The annual tax on enveloped dwellings (ATED) was enacted by the Finance Act 2013.
The tax was introduced to dissuade the acquisition of UK real estate through non-natural persons (so-called enveloping), mainly used to avoid the charge to Stamp Duty Land Tax or to leave the property out of one person’s estate for Inheritance Tax purposes.
ATED was levied on non-natural person holding UK high-value residential property (HVRP) worth more than £2m from 1 April 2013.
From 1 April 2015 the value of HVRP subject to this tax was lowered to £1m and from 1 April 2016 the threshold was set at £500,000.
The result is that any non-natural person owning a UK residential property valued at £500,000 or above is liable to ATED unless a relief applies.
What is a non-natural person?
For ATED purposes a non-natural person is a company, a partnership or a collective investment scheme.
The country of residence of a person is irrelevant for ATED purposes but partnerships are only within its scope if at least one of the partners is a company.
A person is only chargeable to ATED if it holds a chargeable interest.
According to Section 107(1), Finance Act 2013, a chargeable interest is:
- An estate, interest, right or power in or over land in the UK;
- The benefit of an obligation, restriction or condition affecting the value of any such estate, interest, right or power.
An estate or interest in land is a single dwelling interest if the land consists of a single dwelling.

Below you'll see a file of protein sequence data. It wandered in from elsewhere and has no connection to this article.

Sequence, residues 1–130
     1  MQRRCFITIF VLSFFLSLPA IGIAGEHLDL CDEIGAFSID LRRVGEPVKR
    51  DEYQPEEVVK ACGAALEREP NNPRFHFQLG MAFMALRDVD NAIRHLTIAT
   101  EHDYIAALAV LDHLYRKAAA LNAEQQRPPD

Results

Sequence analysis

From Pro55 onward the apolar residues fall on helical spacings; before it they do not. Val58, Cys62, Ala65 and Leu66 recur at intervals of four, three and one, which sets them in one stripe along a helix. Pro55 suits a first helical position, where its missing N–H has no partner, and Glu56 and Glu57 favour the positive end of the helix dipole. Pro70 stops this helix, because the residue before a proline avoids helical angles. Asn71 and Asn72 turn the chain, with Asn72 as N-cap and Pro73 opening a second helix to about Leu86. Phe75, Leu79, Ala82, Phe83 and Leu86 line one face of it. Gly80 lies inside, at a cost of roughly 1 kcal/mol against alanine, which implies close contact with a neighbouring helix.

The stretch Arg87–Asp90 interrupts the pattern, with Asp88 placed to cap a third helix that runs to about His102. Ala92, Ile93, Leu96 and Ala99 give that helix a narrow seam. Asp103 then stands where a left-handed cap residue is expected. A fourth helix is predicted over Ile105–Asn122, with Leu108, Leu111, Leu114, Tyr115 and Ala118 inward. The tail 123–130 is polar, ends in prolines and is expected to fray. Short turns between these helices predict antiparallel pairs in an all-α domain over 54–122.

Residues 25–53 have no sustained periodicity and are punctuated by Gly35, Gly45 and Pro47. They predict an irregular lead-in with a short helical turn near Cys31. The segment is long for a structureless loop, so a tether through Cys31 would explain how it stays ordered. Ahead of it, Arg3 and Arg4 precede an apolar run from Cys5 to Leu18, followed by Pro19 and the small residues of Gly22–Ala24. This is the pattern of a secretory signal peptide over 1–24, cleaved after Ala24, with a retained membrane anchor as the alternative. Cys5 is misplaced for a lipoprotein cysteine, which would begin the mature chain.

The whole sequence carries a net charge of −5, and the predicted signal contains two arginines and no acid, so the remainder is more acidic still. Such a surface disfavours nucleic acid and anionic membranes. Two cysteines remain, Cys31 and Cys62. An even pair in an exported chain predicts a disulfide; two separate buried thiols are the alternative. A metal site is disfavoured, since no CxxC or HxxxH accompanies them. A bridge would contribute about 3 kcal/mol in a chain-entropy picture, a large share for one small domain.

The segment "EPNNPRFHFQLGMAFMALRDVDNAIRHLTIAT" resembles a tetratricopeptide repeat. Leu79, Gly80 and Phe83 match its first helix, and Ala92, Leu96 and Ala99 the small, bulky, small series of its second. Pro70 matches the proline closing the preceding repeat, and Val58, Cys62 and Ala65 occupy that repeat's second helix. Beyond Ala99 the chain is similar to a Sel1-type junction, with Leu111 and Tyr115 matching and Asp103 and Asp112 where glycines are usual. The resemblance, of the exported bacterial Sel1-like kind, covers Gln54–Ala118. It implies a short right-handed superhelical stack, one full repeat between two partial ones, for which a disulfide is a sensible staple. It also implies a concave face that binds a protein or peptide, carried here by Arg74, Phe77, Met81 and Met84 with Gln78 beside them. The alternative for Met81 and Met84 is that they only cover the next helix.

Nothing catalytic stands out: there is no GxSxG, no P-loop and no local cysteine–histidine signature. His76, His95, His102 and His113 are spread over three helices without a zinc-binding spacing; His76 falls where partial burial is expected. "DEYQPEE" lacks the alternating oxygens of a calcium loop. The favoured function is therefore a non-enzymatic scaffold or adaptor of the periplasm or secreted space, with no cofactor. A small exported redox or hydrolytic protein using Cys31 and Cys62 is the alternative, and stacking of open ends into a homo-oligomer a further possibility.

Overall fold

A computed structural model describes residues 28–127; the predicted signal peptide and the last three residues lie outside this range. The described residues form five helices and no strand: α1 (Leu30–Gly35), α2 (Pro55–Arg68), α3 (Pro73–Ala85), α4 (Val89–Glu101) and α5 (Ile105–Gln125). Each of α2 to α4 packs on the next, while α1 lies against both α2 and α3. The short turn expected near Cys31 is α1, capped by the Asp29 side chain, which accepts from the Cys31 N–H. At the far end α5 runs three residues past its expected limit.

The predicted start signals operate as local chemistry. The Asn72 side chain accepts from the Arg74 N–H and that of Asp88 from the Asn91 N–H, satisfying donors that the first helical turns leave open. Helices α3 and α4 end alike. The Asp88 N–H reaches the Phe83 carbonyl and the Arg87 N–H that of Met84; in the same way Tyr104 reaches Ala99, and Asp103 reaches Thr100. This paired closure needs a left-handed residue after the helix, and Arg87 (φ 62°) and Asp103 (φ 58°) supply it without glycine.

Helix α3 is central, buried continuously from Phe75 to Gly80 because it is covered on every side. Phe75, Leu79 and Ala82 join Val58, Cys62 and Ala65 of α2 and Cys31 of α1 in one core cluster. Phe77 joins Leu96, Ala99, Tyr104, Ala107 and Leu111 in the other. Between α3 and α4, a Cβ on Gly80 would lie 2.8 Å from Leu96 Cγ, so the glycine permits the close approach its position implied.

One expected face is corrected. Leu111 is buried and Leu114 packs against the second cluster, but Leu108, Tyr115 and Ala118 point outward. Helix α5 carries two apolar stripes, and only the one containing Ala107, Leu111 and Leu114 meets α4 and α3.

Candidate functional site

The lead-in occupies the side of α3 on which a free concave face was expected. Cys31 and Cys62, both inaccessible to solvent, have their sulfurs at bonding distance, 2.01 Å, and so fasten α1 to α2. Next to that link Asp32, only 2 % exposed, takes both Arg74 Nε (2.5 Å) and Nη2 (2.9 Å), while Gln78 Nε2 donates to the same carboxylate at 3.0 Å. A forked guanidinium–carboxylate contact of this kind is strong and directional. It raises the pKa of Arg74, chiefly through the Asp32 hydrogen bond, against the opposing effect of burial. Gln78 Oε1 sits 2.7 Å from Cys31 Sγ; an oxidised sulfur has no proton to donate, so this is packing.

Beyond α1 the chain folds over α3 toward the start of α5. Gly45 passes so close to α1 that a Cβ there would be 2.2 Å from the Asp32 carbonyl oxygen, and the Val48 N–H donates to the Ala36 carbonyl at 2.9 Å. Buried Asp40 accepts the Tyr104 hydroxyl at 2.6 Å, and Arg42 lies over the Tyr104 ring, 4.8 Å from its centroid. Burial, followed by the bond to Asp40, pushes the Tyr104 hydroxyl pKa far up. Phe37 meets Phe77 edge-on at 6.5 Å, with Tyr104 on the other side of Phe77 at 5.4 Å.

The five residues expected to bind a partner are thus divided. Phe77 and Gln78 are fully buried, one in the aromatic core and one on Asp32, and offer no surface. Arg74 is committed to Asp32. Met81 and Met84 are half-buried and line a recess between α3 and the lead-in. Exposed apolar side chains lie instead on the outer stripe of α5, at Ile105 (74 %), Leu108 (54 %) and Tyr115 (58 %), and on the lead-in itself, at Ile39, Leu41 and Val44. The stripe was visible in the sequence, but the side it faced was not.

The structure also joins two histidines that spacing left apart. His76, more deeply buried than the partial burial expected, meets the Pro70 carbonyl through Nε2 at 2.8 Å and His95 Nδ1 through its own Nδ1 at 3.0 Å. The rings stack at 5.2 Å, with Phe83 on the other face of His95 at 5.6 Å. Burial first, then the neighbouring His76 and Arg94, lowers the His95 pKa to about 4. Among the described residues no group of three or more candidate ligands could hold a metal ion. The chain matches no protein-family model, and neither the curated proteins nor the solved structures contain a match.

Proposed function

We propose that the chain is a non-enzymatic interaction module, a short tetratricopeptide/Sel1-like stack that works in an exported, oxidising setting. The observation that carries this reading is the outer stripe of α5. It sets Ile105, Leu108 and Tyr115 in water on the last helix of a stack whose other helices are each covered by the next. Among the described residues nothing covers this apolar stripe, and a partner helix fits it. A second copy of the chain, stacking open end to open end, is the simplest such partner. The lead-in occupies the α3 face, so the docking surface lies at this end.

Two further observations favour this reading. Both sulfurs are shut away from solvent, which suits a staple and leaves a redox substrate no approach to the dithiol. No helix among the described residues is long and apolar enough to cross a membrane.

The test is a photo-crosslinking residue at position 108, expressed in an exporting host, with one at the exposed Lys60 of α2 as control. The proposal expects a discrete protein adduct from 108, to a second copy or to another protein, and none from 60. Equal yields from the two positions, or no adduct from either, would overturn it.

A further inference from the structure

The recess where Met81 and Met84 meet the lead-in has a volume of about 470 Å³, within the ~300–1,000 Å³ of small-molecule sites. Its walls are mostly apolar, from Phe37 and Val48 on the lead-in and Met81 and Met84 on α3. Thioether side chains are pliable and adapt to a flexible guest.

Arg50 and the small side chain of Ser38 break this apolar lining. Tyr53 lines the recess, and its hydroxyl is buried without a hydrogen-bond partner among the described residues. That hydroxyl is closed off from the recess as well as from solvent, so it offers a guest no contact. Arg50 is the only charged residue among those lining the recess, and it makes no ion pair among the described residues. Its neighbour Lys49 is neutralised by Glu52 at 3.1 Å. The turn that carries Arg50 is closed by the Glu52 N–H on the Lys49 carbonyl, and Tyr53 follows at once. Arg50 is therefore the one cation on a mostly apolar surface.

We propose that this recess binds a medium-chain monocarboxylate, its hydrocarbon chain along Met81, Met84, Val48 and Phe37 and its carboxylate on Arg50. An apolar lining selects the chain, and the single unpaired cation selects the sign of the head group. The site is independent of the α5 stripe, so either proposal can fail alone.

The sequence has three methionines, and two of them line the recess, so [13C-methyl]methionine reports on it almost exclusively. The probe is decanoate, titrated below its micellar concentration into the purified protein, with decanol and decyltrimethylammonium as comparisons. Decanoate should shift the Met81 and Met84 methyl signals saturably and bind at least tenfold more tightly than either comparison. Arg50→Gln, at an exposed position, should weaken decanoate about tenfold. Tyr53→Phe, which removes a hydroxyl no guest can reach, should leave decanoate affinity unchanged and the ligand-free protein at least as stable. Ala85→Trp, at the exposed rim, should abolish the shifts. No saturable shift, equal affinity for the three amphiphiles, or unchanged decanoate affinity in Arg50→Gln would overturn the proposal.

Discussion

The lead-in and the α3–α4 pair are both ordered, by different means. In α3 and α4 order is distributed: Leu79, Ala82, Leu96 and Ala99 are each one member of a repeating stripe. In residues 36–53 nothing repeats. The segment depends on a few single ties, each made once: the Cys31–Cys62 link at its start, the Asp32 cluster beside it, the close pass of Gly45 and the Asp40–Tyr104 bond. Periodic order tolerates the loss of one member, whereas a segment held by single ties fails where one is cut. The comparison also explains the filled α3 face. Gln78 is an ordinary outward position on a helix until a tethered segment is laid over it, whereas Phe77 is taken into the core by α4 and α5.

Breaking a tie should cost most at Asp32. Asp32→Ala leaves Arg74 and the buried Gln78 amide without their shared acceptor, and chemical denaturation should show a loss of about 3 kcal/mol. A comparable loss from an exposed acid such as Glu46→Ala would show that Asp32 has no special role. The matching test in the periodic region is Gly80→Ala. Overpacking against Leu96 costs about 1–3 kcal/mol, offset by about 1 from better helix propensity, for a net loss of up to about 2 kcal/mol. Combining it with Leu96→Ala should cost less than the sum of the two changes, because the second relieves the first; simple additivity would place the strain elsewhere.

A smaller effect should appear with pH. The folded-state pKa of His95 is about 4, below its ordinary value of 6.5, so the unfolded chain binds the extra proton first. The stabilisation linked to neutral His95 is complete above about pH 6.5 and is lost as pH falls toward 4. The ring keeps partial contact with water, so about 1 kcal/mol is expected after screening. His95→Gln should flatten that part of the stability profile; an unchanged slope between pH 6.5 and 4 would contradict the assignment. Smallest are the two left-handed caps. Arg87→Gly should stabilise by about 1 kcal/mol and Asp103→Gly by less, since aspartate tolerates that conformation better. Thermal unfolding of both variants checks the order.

What is a dwelling?
The definition of dwelling given by section 112(1), FA 2013 is vague.
The section states that a building, or part of it, is a dwelling at any time when it is used or suitable for use as a single dwelling or it is in the process of being constructed or adapted for such use.
As the definition includes “part of a building” it also catches flats.
More important is the concept of “used or suitable for use as a single dwelling”.
Is a derelict house suitable for use as a single dwelling?
The ATED legislation does not go any further into details about this but the case PN Bewley Ltd v HMRC  UKFTT 65 (TC) gives some guidance on the subject even if it regards the potential payment of the additional 3% rate of SDLT on the acquisition of a UK property.
In the case the FTT held that a dilapidated bungalow was not suitable as a dwelling and so was not subject to the SDLT surcharge.
The tribunal found that the property was unsuitable for dwelling use because it had to be demolished and it was uninhabitable due to the need to remove the heating system, pipes and floorboards.
Therefore, where a property is temporarily unsuitable for use as a dwelling due to accidental damage or repairs the temporary unsuitability is ignored.
How much is the charge?
The chargeable amount for a single-dwelling interest is based on the taxable value of that interest and it depends on which of the taxable value bands the dwelling falls within.
A period for ATED purposes runs from the 1 of April to the 31 March of the following year.
For the period 1 April 2022 to 31 March 2023 the chargeable amounts are:
|Property value||Annual charge|
|More than £500,000 up to £1 million||£3,800.00|
|More than £1 million up to £2 million||£7,700.00|
|More than £2 million up to £5 million||£26,050.00|